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  1. #1

    [Scripts]Create camera image plane

    Hi!

    Working on a scifi live action movie (lots of greenscreen footage), so I've created some scripts for things we are doing frequently.

    The other script should be run with a camera selected and then creates an imageplane, sets up drivers to automatically scale it by the render aspect ratio and focal length of camera and distance (that would be the neg z of the imageplanes location) so it will cover the entire screen. It sets up a cycles material so it's ready to load an image sequence (I'm using lowres pngs where the green screen has been keyed out in my workflow).

    Limitation: no testing that the selected object is a camera (script will fail if it's not)


    EDIT: Now available as an addon in post 3!

    Code:
    import bpy
    from bpy_extras.image_utils import load_image
    from mathutils import Vector, Euler
    import math
    
    
    def SetupDriverVariables(driver, imageplane):
        camAngle = driver.variables.new()
        camAngle.name = 'camAngle'
        camAngle.type = 'SINGLE_PROP'
        camAngle.targets[0].id = imageplane.parent
        camAngle.targets[0].data_path="data.angle"
        
        depth = driver.variables.new()
        depth.name = 'depth'
        depth.type = 'TRANSFORMS'
        depth.targets[0].id = imageplane    
        depth.targets[0].data_path = 'location'
        depth.targets[0].transform_type = 'LOC_Z'
        depth.targets[0].transform_space = 'LOCAL_SPACE'
    
    #unfortunately not possible to add driver on scene object    
    #    resolution_x = driver.variables.new()
    #    resolution_x.name = 'resolution_x'
    #    resolution_x.type = 'SINGLE_PROP'
    #    resolution_x.targets[0].id =bpy.context.scene
    #    resolution_x.targets[0].data_path = 'render.resolution_x'
    #    resolution_y = driver.variables.new()
    #    resolution_y.name = 'resolution_y'
    #    resolution_y.type = 'SINGLE_PROP'
    #    resolution_y.targets[0].id =bpy.context.scene
    #    resolution_y.targets[0].data_path = 'render.resolution_y'
    #    pixel_x = driver.variables.new()
    #    pixel_x.name = 'pixel_x'
    #    pixel_x.type = 'SINGLE_PROP'
    #    pixel_x.targets[0].id =bpy.context.scene
    #    pixel_x.targets[0].data_path = 'render.pixel_aspect_x'
    #    pixel_y = driver.variables.new()
    #    pixel_y.name = 'pixel_y'
    #    pixel_y.type = 'SINGLE_PROP'
    #    pixel_y.targets[0].id =bpy.context.scene
    #    pixel_y.targets[0].data_path = 'render.pixel_aspect_y'
                
    
    def SetupDriversForImagePlane(imageplane):
        driver = imageplane.driver_add('scale',1).driver
        driver.type = 'SCRIPTED'
        SetupDriverVariables( driver, imageplane)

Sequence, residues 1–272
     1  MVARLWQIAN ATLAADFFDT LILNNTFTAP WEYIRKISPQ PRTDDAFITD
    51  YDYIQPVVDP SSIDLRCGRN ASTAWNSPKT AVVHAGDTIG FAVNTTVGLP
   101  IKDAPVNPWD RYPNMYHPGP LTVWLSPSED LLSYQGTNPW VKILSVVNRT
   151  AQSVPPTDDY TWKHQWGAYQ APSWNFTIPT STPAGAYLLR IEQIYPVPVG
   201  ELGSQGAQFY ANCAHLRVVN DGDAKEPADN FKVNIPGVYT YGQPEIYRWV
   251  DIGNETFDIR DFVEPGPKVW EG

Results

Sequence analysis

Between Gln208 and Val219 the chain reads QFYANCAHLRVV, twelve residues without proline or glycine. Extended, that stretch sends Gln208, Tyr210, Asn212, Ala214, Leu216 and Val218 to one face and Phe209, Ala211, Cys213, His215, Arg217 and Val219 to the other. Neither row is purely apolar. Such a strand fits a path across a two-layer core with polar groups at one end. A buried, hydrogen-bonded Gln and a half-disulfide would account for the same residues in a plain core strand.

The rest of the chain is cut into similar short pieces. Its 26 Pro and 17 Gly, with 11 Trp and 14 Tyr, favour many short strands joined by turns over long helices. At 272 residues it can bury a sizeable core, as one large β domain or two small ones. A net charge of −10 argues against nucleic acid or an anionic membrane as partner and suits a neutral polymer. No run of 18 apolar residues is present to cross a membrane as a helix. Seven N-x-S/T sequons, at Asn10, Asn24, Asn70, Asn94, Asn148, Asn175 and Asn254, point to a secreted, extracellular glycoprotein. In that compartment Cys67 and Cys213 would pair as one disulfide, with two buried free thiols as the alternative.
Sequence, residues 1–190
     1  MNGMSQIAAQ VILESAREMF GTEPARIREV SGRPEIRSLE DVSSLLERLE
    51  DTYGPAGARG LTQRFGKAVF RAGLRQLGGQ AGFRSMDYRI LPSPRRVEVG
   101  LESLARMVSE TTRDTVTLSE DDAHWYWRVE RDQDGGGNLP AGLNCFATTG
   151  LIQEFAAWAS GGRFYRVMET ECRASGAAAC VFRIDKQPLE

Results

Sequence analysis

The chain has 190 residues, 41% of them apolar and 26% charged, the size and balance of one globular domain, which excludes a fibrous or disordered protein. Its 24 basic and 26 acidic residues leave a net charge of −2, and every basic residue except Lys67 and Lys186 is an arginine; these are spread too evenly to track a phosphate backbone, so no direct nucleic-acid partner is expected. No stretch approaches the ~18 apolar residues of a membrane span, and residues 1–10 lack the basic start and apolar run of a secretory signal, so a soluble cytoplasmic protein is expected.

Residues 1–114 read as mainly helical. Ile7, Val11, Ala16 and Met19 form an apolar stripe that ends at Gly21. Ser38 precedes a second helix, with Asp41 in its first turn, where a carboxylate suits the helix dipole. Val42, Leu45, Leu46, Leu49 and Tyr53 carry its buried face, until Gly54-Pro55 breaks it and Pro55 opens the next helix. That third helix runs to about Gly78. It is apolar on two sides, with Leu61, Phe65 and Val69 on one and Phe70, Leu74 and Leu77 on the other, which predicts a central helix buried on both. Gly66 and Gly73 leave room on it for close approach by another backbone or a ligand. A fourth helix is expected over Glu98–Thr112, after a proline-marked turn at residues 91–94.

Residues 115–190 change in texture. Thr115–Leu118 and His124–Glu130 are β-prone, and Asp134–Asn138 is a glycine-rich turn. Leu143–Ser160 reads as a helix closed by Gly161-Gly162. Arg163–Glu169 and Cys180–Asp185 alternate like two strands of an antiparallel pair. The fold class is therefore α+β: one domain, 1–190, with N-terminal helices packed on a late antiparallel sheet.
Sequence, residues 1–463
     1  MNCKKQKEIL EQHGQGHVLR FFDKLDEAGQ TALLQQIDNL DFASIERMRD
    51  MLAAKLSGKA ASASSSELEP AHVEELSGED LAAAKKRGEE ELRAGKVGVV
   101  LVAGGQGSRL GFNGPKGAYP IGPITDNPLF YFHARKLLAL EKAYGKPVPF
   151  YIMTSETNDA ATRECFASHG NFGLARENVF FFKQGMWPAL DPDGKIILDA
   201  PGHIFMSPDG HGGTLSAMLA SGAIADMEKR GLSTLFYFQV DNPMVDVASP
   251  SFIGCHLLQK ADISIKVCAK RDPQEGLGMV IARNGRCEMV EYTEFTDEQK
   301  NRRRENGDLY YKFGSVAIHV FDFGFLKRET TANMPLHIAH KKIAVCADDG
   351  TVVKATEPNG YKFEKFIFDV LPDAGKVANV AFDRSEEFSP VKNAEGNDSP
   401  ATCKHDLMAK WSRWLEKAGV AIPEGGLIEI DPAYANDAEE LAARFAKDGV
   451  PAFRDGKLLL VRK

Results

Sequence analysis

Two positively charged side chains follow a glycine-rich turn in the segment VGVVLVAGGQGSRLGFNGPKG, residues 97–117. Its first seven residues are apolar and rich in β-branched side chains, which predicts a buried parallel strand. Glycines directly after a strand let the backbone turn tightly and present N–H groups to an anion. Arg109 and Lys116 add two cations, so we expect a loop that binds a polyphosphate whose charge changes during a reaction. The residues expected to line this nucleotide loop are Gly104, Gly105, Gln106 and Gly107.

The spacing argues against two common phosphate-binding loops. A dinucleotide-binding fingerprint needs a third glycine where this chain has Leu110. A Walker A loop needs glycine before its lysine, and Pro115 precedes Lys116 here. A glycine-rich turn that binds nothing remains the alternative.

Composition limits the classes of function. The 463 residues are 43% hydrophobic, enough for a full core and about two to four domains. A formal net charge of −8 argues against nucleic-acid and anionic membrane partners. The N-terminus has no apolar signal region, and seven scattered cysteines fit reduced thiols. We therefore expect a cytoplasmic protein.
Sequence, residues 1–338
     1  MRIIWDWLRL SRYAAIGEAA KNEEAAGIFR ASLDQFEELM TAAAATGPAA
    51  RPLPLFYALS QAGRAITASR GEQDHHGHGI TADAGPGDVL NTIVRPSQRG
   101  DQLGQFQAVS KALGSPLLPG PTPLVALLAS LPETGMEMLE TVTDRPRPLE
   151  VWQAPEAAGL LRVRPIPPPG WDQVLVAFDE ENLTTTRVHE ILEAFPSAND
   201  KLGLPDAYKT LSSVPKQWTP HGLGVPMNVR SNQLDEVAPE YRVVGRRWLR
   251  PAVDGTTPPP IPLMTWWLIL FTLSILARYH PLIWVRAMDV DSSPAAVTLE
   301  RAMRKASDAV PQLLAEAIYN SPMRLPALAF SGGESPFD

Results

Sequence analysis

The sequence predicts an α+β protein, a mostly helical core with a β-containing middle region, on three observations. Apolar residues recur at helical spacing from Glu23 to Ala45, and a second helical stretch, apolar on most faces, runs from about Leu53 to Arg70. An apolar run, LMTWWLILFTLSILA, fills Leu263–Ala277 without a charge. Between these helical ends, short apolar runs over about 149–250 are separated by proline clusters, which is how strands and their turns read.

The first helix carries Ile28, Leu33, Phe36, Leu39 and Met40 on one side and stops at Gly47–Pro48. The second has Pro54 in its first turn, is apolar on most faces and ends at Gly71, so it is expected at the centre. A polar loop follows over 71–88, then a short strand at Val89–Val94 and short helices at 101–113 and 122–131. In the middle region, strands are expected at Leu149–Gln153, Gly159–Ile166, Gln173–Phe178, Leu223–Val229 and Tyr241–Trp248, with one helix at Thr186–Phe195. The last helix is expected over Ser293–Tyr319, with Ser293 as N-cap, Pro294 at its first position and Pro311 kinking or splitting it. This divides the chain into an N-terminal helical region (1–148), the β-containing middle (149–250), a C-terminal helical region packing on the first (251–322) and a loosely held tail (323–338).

#driver.expression ="-depth*math.tan(camAngle/2)*resolution_y*pixel_y/(resolution_x*pixel_x)"
        driver.expression ="-depth*tan(camAngle/2)*bpy.context.scene.render.resolution_y * bpy.context.scene.render.pixel_aspect_y/(bpy.context.scene.render.resolution_x * bpy.context.scene.render.pixel_aspect_x)"
        driver = imageplane.driver_add('scale',0).driver
        driver.type= 'SCRIPTED'
        SetupDriverVariables( driver, imageplane)
        driver.expression ="-depth*tan(camAngle/2)"
    
    # get selected camera (might traverse children of selected object until a camera is found?)
    # for now just pick the active object
    def createImagePlaneForCamera(camera):
        imageplane = None
        try:
            depth = 10
            
            
            #create imageplane
            bpy.ops.mesh.primitive_plane_add()#radius = 0.5)
            imageplane = bpy.context.active_object
            imageplane.name = "imageplane"
            bpy.ops.object.parent_set(type='OBJECT', keep_transform=False)
            bpy.ops.object.editmode_toggle()
            bpy.ops.mesh.select_all(action='TOGGLE')
            bpy.ops.transform.resize( value=(0.5,0.5,0.5))
            bpy.ops.uv.smart_project(angle_limit=66,island_margin=0, user_area_weight=0)
            bpy.ops.uv.select_all(action='TOGGLE')
            bpy.ops.transform.rotate(value=1.5708, axis=(0,0,1) )
            bpy.ops.object.editmode_toggle()
        
            
            imageplane.location = (0,0,-depth)
            imageplane.parent = camera
            
            
            #calculate scale
            #REPLACED WITH CREATING EXPRESSIONS
            SetupDriversForImagePlane(imageplane)
    
            #setup material
            if( len( imageplane.material_slots) == 0 ):
                bpy.ops.object.material_slot_add()
                #imageplane.material_slots.
            bpy.ops.material.new()
            mat_index = len(bpy.data.materials)-1
            imageplane.material_slots[0].material = bpy.data.materials[mat_index]
            material =  imageplane.material_slots[0].material
            # if not returned by new use imgeplane.material_slots[0].material
            material.name = 'mat_imageplane_'+camera.name
            material.use_nodes = True
            nodes = material.node_tree.nodes
            links = material.node_tree.links
            
            nodes.clear()
            emissive = nodes.new('ShaderNodeEmission')
            emissive.location = 0, 0
            transparent = nodes.new('ShaderNodeBsdfTransparent')
            transparent.location = 0,100
            mix = nodes.new('ShaderNodeMixShader')
            mix.location = 400,0
            links.new( emissive.outputs[0], mix.inputs[2] )
            links.new( transparent.outputs[0], mix.inputs[1] )
            outnode = nodes.new('ShaderNodeOutputMaterial')
            outnode.location = 800,0
            links.new( mix.outputs[0], outnode.inputs[0] )
            texture = nodes.new('ShaderNodeTexImage')
            texture.location = -400,0
            links.new( texture.outputs[0], emissive.inputs[0] )    
            links.new( texture.outputs[1], mix.inputs[0] )
            #texture.image = bpy.ops.image.open(filepath="c:\\nova\\keyed\\1\\1_5_1\\1_5_1.00000.png")
    
        
        except Exception as e:
            imageplane.select=False
            camera.select = True